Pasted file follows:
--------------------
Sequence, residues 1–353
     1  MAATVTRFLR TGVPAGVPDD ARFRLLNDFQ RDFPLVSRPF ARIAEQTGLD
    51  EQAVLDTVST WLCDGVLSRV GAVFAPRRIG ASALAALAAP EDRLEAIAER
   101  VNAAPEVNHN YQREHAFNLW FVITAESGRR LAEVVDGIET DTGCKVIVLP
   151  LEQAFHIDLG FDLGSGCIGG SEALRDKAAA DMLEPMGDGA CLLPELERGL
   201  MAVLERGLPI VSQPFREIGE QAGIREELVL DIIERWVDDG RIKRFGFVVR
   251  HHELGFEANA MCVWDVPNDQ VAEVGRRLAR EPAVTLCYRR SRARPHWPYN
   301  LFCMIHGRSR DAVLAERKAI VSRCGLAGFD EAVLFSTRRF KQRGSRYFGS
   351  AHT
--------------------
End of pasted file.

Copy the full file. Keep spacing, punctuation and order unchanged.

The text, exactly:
Sequence, residues 1–353
     1  MAATVTRFLR TGVPAGVPDD ARFRLLNDFQ RDFPLVSRPF ARIAEQTGLD
    51  EQAVLDTVST WLCDGVLSRV GAVFAPRRIG ASALAALAAP EDRLEAIAER
   101  VNAAPEVNHN YQREHAFNLW FVITAESGRR LAEVVDGIET DTGCKVIVLP
   151  LEQAFHIDLG FDLGSGCIGG SEALRDKAAA DMLEPMGDGA CLLPELERGL
   201  MAVLERGLPI VSQPFREIGE QAGIREELVL DIIERWVDDG RIKRFGFVVR
   251  HHELGFEANA MCVWDVPNDQ VAEVGRRLAR EPAVTLCYRR SRARPHWPYN
   301  LFCMIHGRSR DAVLAERKAI VSRCGLAGFD EAVLFSTRRF KQRGSRYFGS
   351  AHT